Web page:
How To Make Ice Scream
I knew it was coming. After two weeks of Peanut Butter Prune Sandwiches for lunch, Brussel Sprouts for Christmas dinner and the total deal breaker – Pickled Beets, my husband uttered the phrase, “This WWII thing is getting old.” In other words, it was time to get out the big guns and make him a believer again.
For that, I turned to (cue the heavenly light descending from the clouds and angel chorus) Ice Cream. Forget about what you think is ice cream, the rock hard chunk of bland imitation frozen milk bought from a store in a cardboard or — gasp! — plastic bucket. We’re talking real ice cream. Ice. Cream.
The 250 Luscious Refrigerator Desserts cookbook edited by Ruth Berolzheimer (the Boss of WWII food) was published in 1941 and had to have been state of the art in recipes, considering freezers were still not a common home appliance. To make ice cream one would be using the “freezing tray” of their refrigerator. What I gather is that someone determined the coldest part of the refrigerator and insulated it in a way that dropped the temperature cold enough to semi-freeze some types of food.
Among the luscious refrigerator desserts in the booklet are many types of ice cream flavors: Banana Pecan, Honey, Butter Pecan, Chocolate, Caramel, Fruity, Chocolate Chip, Coffee Malted, Orange Pekoe Tea, Prune, Peach, Raisin, Raspberry, Eggnog, New York, Apricot, Cherry, Coffee, Coffee Rum, Maple Nut, Orange, Peppermint Stick, Pistachio and Strawberry. What a minute — Prune?
I went for the basic Vanilla recipe. I used no special equipment or rock salt or anything else that has stopped me from pulling off this feat in the past. I vaguely remember making ice cream out of snow in 4-H as a kid; what I remember most is the shaking, shaking, shaking part of it. This recipe requires no such effort.
Ready? Here it is:
2/3 cup sweetened condensed milk
1/2 cup water
1 1/2 teaspoons vanilla
1 cup heavy cream
Blend milk, water and vanilla thoroughly, pour into freezing tray of refrigerator and freeze until ice crystals form around sides of pan. Whip cream until stiff enough to hold a soft peak, fold into milk mixture and freeze. When half frozen scrape mixture from sides and bottom of tray, beat until smooth but not melted and freeze until firm.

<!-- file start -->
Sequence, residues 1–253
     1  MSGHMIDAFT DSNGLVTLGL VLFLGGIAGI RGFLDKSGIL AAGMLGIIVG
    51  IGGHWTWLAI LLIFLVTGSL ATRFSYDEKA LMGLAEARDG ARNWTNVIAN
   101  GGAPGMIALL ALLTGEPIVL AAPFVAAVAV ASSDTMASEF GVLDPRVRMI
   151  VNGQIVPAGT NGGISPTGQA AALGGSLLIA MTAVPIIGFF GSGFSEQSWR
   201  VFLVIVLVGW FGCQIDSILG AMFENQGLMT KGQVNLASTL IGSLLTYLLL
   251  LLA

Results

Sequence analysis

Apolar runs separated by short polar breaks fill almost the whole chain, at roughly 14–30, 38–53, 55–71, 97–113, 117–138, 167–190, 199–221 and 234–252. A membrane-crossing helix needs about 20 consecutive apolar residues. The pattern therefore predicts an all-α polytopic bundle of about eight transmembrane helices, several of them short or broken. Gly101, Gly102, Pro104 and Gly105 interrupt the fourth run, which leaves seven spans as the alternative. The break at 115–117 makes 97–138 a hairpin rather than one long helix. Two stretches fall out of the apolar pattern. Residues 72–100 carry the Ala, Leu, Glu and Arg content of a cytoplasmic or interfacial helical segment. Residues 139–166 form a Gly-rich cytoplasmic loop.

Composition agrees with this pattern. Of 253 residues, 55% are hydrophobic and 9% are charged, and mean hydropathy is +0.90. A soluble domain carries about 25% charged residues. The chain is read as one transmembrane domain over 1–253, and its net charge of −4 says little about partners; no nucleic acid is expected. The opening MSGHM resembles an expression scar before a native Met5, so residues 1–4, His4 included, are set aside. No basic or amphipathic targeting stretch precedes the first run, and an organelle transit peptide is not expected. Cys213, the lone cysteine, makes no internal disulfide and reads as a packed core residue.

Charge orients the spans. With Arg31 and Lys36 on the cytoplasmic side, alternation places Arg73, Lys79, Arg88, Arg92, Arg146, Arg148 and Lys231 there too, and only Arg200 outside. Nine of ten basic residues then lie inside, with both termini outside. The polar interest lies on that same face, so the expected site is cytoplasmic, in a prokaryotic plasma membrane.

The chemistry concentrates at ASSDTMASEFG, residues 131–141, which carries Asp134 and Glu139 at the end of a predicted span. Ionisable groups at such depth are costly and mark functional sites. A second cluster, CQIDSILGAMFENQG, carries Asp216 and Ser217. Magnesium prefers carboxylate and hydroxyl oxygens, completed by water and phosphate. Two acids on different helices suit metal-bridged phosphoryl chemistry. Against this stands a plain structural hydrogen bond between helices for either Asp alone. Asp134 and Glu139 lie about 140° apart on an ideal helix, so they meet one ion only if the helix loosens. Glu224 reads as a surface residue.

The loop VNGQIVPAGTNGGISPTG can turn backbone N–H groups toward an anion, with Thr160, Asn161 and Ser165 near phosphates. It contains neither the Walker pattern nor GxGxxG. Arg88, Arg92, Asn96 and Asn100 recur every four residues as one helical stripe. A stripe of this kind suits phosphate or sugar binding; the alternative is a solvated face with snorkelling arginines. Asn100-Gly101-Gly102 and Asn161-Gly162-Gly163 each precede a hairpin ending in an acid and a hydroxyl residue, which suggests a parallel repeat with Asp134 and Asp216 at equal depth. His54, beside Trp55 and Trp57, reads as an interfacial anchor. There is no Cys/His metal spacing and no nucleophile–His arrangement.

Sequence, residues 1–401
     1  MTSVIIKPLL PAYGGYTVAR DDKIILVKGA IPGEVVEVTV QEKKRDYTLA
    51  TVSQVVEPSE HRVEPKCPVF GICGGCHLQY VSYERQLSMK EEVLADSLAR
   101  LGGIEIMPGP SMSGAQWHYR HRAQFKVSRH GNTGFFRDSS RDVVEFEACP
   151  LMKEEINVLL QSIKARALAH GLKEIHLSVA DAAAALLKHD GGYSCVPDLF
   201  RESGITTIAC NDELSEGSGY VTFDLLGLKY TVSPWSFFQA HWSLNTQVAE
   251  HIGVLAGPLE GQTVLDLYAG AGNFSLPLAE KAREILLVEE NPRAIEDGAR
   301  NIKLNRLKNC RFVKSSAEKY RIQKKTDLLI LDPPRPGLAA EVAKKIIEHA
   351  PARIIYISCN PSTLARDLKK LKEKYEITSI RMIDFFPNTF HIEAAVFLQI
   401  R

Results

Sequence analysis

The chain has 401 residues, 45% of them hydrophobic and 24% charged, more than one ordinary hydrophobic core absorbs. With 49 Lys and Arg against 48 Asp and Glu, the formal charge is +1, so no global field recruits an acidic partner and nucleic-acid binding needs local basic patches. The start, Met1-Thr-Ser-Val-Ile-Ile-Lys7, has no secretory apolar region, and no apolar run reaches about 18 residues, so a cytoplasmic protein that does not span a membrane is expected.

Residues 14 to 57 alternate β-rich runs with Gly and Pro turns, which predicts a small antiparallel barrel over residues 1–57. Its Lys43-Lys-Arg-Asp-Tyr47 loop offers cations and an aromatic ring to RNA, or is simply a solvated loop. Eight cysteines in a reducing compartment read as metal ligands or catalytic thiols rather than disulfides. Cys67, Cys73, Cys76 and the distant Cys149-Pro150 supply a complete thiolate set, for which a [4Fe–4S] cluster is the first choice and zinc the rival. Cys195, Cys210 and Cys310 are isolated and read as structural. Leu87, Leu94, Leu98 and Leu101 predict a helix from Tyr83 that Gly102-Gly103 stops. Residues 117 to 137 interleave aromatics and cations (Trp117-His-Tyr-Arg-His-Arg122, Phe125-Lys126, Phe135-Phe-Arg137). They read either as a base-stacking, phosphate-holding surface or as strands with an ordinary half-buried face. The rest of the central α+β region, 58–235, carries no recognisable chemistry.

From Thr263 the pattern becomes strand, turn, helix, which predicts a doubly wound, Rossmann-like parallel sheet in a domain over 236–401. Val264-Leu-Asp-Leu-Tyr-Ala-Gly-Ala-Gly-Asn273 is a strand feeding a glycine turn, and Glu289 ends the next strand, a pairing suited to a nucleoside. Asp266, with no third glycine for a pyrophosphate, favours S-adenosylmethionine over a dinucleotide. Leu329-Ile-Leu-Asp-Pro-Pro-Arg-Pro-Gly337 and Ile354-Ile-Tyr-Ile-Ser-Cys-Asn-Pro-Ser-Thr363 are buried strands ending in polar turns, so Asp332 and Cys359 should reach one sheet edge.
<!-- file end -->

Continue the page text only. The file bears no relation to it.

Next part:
That’s it. And if that sounds easy enough, wait — I goofed up the recipe and made it even easier for you:
Blend the ingredients all together without reading that you were supposed to wait to add the milk. Beat it with a mixer hoping it will whip up. After three minutes of hoping and wishing, pour it into a plastic tray (like the skinny kind that comes with the refrigerator – they are narrow and you know they fit perfectly into the shape of your shelves). Leave it in the freezer for about thirty minutes while you walk the dog. Pull it out of the freezer and pour it into a bowl hoping you can still whip it up into soft peaks after it has chilled a bit. Become a little bit sad and worried about it turning out and just dump it back into the plastic tray and put it in the freezer. Wait three hours – or two hours if you’re like me and that’s all you can take. Scoop out and enjoy like you’ve never enjoyed ice cream before. For added assurance that my hubby would be okay another week into this project, I whipped up a Chocolate Sauce for topping from the Meal Planner I have been using all along.
Seriously, folks. If you’ve ever had Coldstone Ice Cream, this is even better.
Next up I will be making the Peppermint Stick flavor since wasting anything is not allowed in 1943 and those broken candy canes from Christmas have to be used somehow. All I will do is omit the vanilla and add the crushed candy cane after the ice cream takes its second beating.
So there you have it — how to make your husband chill on a WWII food project.